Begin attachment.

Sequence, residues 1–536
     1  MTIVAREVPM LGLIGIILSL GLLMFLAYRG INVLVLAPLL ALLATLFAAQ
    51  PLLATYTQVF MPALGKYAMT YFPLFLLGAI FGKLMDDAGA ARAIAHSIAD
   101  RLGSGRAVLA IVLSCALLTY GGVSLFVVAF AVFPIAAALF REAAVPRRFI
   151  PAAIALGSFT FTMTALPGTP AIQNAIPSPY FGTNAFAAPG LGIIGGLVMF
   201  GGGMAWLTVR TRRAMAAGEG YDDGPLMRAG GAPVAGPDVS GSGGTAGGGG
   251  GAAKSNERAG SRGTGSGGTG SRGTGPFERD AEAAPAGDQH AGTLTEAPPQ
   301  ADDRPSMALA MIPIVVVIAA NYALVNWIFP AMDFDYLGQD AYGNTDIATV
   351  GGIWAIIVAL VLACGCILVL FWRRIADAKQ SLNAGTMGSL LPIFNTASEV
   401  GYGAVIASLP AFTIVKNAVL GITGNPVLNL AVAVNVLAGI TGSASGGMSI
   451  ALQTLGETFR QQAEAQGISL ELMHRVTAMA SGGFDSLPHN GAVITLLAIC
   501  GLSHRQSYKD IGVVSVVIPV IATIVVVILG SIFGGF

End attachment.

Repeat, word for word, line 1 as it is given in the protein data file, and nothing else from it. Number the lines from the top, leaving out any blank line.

Sequence, residues 1–536